I am an old friend and customer of Harry Bieker from 1978 and having Harry do the machining and balancing of my S engine back in that time, the rods where ground to weigh the same as well as the big buck balancing job. Galen and I where buddy’s and I used to ski with him. He builds a great engine. Back then in 1978 a 911 was 30 hours of labor at $30. = $900 Labor. Plus all parts and machine work and that cost a lot.

Bob B
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mepstein
post Oct 4 2017, 04:37 PM
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I think today's number is 40 hours but that doesn't take into account the 100+ hours for disassembly, cleaning, powder coating, sourcing parts, sending parts to the machine shop, etc.
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Mark Henry
post Oct 4 2017, 06:46 PM
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QUOTE(mepstein @ Oct 4 2017, 06:37 PM) *

I think today's number is 40 hours but that doesn't take into account the 100+ hours for disassembly, cleaning, powder coating, sourcing parts, sending parts to the machine shop, etc.

(IMG:style_emoticons/default/agree.gif) Exactly, start adding up the total hours.
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Mark Henry
post Oct 4 2017, 07:01 PM
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I'd consider dumping the pistons, get the cylinders plated and put in a new set of JE 9.5CR pistons. Then match the cam to engine.

This would really wake the engine up.
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gereed75
post Oct 4 2017, 10:10 PM
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Highly recommend the mod Solex cam (DC30). Peak power around 6200 rpm, pulls hard to 7200 and makes very gratifying torque from 2500 up. Not sure if they can be ground on E cams or not. With those, S ported heads and 9.5 JE pistons you would probably be making 200 - 210 hp.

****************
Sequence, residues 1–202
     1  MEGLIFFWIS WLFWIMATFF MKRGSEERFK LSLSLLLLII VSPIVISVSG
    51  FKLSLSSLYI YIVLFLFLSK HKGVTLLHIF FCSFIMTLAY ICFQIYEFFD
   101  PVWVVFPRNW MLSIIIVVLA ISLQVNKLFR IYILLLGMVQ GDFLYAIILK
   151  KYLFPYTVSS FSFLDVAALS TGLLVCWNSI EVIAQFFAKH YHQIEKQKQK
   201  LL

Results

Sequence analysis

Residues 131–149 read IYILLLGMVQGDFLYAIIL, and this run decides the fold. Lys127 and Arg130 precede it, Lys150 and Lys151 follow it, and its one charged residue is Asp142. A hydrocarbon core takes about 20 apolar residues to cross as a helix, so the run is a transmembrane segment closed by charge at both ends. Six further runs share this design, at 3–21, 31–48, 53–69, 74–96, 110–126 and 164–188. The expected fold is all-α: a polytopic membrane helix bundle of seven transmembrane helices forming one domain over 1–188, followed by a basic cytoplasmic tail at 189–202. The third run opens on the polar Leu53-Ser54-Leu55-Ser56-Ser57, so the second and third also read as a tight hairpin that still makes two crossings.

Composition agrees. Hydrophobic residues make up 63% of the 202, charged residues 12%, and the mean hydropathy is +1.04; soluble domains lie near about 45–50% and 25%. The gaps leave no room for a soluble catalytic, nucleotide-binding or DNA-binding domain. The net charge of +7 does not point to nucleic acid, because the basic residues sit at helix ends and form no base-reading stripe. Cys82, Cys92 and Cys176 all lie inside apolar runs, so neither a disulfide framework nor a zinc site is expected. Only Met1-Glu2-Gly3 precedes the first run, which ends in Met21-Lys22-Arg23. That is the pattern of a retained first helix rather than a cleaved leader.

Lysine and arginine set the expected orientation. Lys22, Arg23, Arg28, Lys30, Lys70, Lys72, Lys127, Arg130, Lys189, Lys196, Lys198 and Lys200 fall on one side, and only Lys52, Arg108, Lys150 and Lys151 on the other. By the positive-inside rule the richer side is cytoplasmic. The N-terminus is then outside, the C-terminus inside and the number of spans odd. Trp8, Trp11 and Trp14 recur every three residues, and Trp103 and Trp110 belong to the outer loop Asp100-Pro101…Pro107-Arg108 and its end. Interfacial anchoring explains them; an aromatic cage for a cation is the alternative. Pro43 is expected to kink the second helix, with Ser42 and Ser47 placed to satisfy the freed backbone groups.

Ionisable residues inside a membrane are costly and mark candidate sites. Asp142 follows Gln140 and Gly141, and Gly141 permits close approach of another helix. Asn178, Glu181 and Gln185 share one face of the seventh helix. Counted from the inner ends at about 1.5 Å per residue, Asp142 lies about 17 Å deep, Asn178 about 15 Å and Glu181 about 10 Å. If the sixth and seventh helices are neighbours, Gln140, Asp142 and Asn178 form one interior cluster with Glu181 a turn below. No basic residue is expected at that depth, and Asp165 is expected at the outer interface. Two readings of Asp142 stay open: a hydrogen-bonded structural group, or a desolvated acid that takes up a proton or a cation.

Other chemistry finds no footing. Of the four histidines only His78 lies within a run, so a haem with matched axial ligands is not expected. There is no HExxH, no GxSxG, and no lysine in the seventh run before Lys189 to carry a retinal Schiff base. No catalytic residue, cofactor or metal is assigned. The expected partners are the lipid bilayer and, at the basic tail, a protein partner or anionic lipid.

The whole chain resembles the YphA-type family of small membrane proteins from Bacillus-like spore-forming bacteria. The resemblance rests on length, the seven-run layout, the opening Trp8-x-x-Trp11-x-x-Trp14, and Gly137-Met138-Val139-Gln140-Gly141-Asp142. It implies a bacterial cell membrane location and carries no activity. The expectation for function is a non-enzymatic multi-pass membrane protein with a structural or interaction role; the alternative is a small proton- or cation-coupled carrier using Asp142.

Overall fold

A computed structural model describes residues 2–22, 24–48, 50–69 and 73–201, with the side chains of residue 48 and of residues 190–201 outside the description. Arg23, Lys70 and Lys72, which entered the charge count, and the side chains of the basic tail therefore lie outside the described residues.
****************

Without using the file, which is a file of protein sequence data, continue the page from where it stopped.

That is a favorite combo of Henry Schmidt at
Supertech Performance. Check his build threads on Pelican. Great motor in a six !!
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jfort
post Oct 5 2017, 06:37 PM
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Turns out I was wrong. It is a 70.4 mm crank with 2.7L pistons and cylinders. Not the short stroker I thought it was. Perhaps someone was making a 2.7RS - like engine with a milder E cam.
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Dr Evil
post Oct 6 2017, 09:28 AM
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Hey neighbor! Cool build. I didn't know people used CIS pistons for anything but CIS as someone stated. I like Mark's recommendations.
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Mark Henry
post Oct 6 2017, 09:49 AM
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QUOTE(jfort @ Oct 5 2017, 08:37 PM) *

Turns out I was wrong. It is a 70.4 mm crank with 2.7L pistons and cylinders. Not the short stroker I thought it was. Perhaps someone was making a 2.7RS - like engine with a milder E cam.


Trade the crank if you want a short stroke.
2.7 std/std magnifluxed crank is a easy sell on the bird.

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jfort
post Oct 7 2017, 05:45 PM
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Jay recommends staying with the German Mahle pistons and I’ll stay with the crank we started with. Will change to the Solex cams however.

Distributor needs rebuilt. It is too sloppy. The heads, piston rods, case halves and new valve guides delivered to the machine shop. Engine tin headed to body guy for blasting and black power coating. I’ll have him weld patches for holes in tin. Also going to have him make the shroud look as good as possible in red. Powder coating alternator strap and air filter covers black. Jay is ordering bearings, fasteners, etc. can’t wait to begin putting it all together.
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Cairo94507
post Oct 7 2017, 09:17 PM
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Excellent project. (IMG:style_emoticons/default/popcorn[1].gif)